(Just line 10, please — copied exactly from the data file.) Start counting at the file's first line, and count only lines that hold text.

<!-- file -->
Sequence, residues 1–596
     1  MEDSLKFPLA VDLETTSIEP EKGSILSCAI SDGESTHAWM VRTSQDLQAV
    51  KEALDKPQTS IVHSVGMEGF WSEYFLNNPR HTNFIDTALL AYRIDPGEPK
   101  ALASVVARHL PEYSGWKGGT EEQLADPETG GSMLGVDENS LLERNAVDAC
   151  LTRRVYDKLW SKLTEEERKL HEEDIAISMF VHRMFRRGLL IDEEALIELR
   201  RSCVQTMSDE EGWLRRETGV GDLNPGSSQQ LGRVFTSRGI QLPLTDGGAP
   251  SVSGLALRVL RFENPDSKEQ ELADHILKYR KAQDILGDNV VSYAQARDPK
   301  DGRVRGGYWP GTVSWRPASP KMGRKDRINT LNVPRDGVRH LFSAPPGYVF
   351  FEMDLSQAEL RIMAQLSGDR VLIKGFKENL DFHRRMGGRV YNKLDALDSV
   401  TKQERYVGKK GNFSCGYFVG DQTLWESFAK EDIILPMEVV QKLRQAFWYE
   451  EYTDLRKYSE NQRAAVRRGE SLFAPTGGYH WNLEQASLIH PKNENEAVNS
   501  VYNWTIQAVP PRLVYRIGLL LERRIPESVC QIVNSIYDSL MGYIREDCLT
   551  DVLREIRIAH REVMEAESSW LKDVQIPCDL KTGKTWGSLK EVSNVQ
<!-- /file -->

   401  TKQERYVGKK GNFSCGYFVG DQTLWESFAK EDIILPMEVV QKLRQAFWYE